1. The effects of four meals of similar energy, but different nutritional, composition on postprandial blood pressure, heart rate, autonomic function, catecholamines, insulin and packed cell volume levels were studied in seven fit elderly subjects.
2. The high carbohydrate and high protein meals led to a significant overall fall in supine systolic and diastolic blood pressure compared either with no change or a rise after the normal (i.e. mixed) and high fat meals. Similar between-meal differences were seen with erect diastolic but not erect systolic blood pressure. No significant postural blood pressure fall occurred after any of the meals. Supine heart rate was unaffected by meal type or by time, and although erect heart rate showed a small increase during the study there was no between-meal difference.
3. Parasympathetic function was unaffected by meal type. Plasma noradrenaline rose after the high carbohydrate and mixed meals only, remaining elevated for 120 min after meal consumption. This increase was not related to the changes in blood pressure or plasma insulin levels.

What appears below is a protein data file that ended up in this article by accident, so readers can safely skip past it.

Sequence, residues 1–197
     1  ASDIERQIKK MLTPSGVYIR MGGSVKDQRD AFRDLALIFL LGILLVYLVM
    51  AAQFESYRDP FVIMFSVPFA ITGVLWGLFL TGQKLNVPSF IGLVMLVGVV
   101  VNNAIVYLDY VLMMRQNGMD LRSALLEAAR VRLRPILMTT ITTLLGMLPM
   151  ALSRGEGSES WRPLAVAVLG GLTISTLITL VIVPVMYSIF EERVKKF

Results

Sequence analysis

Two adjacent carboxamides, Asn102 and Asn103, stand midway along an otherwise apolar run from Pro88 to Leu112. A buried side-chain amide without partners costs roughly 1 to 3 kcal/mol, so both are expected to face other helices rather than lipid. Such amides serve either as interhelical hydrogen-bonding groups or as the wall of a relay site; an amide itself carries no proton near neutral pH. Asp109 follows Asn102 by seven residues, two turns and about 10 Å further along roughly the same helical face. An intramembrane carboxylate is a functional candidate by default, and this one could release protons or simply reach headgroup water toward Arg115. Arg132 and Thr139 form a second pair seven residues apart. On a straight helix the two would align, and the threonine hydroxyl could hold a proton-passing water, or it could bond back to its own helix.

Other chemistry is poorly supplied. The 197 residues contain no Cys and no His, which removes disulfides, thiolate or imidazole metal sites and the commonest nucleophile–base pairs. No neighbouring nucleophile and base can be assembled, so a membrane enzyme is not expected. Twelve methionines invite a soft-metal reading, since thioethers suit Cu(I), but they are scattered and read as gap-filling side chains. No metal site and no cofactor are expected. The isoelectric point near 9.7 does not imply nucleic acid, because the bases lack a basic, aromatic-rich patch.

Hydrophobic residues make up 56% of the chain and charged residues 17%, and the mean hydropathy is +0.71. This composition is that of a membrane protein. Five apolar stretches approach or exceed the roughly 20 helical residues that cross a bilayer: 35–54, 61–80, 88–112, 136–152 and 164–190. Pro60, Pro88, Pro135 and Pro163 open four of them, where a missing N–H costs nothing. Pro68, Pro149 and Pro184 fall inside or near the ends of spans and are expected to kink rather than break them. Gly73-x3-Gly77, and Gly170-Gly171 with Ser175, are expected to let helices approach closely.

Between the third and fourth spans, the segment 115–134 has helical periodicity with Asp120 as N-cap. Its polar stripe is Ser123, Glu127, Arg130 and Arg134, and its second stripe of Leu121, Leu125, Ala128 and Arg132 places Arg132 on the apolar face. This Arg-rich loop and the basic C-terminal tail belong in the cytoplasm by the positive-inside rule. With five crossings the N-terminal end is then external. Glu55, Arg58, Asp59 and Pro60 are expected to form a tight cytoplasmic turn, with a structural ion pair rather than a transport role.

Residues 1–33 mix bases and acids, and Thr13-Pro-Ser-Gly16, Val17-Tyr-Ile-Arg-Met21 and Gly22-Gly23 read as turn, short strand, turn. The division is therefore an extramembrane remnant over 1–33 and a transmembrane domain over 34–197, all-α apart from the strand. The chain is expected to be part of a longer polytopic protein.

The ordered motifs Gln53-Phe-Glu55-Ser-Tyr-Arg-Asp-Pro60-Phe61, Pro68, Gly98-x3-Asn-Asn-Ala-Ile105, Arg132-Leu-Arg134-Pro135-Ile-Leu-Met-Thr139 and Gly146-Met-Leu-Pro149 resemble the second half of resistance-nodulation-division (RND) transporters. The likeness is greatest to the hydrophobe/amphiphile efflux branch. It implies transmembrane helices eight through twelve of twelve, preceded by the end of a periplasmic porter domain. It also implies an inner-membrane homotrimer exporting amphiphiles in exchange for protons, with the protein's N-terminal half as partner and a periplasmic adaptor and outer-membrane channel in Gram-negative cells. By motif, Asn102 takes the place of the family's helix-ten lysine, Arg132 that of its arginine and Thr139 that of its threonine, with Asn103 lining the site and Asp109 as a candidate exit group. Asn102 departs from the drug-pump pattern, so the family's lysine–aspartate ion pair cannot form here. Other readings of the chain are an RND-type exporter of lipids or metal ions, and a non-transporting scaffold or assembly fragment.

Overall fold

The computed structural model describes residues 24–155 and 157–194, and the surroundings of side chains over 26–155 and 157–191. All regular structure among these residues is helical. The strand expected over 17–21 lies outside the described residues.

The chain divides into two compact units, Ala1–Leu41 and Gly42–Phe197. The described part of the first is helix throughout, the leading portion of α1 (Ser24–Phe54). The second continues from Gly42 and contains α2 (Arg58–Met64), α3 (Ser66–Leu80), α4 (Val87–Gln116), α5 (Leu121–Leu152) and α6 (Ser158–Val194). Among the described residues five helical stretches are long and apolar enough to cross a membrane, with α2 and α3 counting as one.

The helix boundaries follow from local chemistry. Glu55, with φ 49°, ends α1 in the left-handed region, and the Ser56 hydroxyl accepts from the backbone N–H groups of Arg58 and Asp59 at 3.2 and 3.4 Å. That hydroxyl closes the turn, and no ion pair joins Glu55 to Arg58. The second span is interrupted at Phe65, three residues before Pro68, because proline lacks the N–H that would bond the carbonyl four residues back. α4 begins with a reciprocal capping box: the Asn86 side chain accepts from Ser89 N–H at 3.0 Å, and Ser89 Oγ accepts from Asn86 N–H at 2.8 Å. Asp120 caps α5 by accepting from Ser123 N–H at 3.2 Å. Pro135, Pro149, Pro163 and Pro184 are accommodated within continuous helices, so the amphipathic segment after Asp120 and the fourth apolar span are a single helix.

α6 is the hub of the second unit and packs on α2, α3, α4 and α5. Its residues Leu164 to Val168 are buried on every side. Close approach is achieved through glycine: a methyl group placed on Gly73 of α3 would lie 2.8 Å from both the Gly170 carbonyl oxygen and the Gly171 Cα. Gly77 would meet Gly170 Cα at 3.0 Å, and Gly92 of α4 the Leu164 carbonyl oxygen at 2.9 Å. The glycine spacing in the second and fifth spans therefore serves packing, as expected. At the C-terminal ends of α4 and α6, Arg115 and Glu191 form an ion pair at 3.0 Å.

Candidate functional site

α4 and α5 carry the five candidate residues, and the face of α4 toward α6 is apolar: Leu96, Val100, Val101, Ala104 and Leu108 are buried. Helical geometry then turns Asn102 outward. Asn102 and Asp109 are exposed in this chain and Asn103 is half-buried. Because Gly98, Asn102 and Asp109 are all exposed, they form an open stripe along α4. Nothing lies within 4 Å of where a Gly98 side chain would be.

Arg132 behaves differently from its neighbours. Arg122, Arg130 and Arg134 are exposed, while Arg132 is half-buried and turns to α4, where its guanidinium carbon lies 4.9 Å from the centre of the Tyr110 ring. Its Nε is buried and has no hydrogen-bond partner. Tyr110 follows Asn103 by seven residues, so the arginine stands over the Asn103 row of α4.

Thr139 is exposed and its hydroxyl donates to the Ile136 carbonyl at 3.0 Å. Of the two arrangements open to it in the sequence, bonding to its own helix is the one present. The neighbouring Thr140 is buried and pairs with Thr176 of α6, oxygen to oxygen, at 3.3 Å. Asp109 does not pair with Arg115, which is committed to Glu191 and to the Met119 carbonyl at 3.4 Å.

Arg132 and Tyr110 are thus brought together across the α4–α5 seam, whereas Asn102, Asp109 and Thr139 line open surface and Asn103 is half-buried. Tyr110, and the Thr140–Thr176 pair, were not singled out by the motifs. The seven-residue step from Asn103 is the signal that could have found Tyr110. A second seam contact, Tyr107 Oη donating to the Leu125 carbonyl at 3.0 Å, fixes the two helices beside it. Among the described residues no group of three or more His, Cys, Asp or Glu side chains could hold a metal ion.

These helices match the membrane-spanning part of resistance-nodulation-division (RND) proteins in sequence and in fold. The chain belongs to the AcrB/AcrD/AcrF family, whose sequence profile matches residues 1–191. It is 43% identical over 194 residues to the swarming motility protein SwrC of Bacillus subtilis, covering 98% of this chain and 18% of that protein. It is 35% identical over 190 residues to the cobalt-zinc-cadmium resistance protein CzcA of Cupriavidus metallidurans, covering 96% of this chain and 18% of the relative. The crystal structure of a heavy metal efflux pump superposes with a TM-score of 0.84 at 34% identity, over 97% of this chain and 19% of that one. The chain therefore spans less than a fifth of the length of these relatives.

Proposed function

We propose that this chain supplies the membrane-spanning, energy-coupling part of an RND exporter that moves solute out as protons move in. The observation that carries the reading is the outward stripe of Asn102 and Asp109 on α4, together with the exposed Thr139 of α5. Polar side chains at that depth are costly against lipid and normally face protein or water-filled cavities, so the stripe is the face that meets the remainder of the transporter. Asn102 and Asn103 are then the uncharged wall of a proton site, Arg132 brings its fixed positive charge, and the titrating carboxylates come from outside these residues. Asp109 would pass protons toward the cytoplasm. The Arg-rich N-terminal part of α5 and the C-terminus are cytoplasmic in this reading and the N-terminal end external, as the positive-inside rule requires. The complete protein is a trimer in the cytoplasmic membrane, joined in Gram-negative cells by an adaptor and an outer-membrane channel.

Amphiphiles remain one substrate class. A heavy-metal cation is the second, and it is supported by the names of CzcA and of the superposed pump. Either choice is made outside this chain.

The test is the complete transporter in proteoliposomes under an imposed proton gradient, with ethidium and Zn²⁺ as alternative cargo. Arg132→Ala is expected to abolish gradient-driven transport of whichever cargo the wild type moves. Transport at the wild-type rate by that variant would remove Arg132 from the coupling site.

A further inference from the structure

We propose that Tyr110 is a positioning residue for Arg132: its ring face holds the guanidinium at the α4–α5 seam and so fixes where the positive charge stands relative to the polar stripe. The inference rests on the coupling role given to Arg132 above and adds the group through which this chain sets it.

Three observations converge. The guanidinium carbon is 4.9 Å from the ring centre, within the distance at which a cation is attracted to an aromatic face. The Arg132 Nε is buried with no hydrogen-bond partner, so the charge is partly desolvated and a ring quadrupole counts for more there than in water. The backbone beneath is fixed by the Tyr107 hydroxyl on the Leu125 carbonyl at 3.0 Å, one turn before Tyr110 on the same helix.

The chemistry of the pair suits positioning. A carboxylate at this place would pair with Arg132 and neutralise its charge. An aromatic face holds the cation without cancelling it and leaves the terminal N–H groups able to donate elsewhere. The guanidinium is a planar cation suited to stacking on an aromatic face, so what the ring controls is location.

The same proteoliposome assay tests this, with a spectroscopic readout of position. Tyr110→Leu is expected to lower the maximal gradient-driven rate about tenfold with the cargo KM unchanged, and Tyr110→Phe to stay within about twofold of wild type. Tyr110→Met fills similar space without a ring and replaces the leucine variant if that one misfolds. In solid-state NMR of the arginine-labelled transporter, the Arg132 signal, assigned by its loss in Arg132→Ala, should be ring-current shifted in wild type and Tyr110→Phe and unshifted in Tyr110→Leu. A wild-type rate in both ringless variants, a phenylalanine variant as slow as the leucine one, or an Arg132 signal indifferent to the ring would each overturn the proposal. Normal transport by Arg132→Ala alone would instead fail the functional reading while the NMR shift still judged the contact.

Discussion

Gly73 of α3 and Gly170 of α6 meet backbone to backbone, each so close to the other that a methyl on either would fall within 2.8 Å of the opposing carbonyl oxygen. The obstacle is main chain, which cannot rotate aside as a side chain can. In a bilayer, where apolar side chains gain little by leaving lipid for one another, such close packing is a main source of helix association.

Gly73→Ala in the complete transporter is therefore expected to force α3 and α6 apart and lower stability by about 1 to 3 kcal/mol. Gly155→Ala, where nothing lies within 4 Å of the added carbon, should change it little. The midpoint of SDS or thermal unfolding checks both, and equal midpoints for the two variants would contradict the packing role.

4. Plasma insulin and glucose rose after the high carbohydrate and mixed meals, but were unchanged after the high protein and high fat meals. Packed cell volume showed a small decrease towards the end of the study, although there was no between-meal variation.
5. The differences in the cardiovascular changes after the different meals could not be ascribed to alterations in autonomic function, insulin release or fall in plasma volume. We propose that the postprandial changes in blood pressure are due to the nutrient composition of the meal rather than the actual energy load.